A Texas oil and gas exploration company says it's entitled to $2 million or to keep previous payments from an energy fund that failed to finish funding the construction of three wells in Howard County.
Ares Management LLC, a private equity firm and registered investment adviser, will pay $1 million to settle a claim that it didn't enforce policies that would prevent the misuse of material nonpublic information, the U.S. Securities and Exchange Commission said Tuesday.
Slate Asset Management is providing as much as CA$500 million ($362.9 million) in capital to the Canadian real estate industry as the firm seeks to help parties that have been hit hardest by the COVID-19 pandemic, the firm announced Tuesday.
Abraham Fruchter & Twersky LLP is repping the only investor to object to a $15 million deal reached with the sponsor of American Realty Capital Properties over a real estate investment trust, a settlement the shareholder called "a relatively minor amount of total potential damages."
A Manhattan federal judge signed off Tuesday on settlements worth $4 million between lenders who accuse a group of global banks of rigging Libor and three of the defendant banks, JPMorgan Chase, Bank of America and UBS, bringing the lenders' total recovery to $35 million.
The U.S. Supreme Court on Tuesday said it won't review a Third Circuit decision that allowed the 2015 confirmation of a troubled laboratory company's Chapter 11 plan over opposition from creditors that argued the plan unconstitutionally released key parties from damage claims without creditor consent.
A New York federal judge on Friday named Labaton Sucharow LLP lead counsel in a consolidated proposed stockholder class action that alleges World Wrestling Entertainment Inc. hid souring relations with Saudi Arabia from investors, causing the stock price to drop when the facts came to light.
Investors accusing Bank of America, Deutsche Bank and HSBC of rigging the market for bonds issued by foreign governments are urging a New York federal court to approve a proposed allocation of the $95.5 million in settlements reached with the banks over the proposed class action.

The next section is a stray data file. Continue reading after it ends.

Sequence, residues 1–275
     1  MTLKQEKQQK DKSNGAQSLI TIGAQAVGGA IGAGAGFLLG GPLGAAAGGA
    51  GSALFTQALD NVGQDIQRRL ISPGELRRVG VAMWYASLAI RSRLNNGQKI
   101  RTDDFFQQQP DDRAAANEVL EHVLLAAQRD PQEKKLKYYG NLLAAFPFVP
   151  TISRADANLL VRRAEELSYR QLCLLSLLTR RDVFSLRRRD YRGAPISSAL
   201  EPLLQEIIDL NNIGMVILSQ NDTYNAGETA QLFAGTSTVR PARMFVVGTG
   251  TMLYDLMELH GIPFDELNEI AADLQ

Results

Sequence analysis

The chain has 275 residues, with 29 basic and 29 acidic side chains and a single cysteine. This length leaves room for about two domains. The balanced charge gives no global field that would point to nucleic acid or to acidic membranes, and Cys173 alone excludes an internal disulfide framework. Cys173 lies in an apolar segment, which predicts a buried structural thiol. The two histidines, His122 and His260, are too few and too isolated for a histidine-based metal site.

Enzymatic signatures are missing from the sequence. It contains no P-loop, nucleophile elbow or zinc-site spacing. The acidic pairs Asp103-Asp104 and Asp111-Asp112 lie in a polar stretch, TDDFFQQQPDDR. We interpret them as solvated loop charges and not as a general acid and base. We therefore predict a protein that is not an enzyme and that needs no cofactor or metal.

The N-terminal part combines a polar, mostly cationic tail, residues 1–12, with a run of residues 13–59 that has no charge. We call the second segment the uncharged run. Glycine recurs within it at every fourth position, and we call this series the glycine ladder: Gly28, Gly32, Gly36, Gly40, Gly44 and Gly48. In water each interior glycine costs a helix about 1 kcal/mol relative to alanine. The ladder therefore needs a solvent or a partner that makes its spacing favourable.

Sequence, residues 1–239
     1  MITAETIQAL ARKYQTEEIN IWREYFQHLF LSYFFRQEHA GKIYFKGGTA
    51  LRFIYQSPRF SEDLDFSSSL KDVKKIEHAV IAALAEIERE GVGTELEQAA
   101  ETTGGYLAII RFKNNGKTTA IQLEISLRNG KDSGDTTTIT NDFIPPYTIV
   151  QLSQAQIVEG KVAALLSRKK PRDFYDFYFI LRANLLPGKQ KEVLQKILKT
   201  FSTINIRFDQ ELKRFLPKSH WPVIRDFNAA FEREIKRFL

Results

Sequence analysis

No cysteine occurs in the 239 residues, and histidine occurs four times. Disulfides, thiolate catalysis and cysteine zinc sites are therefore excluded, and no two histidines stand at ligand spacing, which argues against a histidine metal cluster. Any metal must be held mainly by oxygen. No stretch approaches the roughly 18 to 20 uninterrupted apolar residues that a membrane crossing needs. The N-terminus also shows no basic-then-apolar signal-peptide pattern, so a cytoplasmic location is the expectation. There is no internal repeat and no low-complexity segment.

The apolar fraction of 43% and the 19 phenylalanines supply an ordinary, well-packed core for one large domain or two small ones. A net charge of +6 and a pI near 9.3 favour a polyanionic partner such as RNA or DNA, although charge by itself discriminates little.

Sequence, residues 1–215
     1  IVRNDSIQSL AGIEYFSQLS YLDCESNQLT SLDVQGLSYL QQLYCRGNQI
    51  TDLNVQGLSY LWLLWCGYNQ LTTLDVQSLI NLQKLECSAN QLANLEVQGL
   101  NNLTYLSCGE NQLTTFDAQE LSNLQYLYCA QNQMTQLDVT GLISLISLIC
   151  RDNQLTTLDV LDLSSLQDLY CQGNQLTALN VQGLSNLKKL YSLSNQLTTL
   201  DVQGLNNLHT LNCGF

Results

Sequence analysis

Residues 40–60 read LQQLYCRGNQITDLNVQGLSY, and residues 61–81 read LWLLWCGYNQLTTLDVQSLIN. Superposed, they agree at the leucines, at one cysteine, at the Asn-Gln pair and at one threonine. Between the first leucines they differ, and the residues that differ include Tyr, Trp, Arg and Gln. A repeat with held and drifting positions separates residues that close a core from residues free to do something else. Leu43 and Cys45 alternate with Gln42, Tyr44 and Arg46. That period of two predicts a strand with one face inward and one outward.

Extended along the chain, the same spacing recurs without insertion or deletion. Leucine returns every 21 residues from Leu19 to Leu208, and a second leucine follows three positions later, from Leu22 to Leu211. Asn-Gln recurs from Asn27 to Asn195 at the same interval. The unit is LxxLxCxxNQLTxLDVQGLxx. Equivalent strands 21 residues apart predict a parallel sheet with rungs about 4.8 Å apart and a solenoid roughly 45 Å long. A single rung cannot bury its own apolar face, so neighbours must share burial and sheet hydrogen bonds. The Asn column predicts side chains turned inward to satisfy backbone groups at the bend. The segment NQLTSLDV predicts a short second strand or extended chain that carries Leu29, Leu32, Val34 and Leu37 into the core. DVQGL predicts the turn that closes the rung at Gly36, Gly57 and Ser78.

Schlichter Bogard & Denton LLP and two other firms will receive nearly $5.25 million in fees after a federal judge during a hearing Tuesday offered the attorneys representing Massachusetts Institute of Technology workers in an $18 million ERISA settlement a choice: take the deal or pay for a special master.
A Zurich Alternative Asset Management fund has purchased a Whole Foods-anchored retail center in Coral Gables, Florida, for $46.75 million, according to an announcement Tuesday from sell-side broker Jones Lang LaSalle.
They've represented consumers, companies, and government entities, taken on Goliaths in industries ranging from aerospace to health care to finance to technology to sports, and won landmark victories on behalf of clients across the country.
Hollywood distribution executive William Sadleir was accused Friday of spiriting some $28 million out of his distribution company — cheating funder BlackRock, which had poured in $75 million — and separately misusing a $1.7 million coronavirus relief payment.
A group of law professors and former SEC officials said Friday that the Second Circuit's recent split-panel ruling against Goldman Sachs in a heavily watched class certification fight creates risks to public companies that are now exacerbated by the COVID-19 crisis.
The Eighth Circuit partially revived a proposed ERISA class action against Washington University in St. Louis on Friday, saying a lower court correctly tossed claims that the school's retirement plan held on to underperforming investments but shouldn't have dismissed allegations that the plan's fees were too high.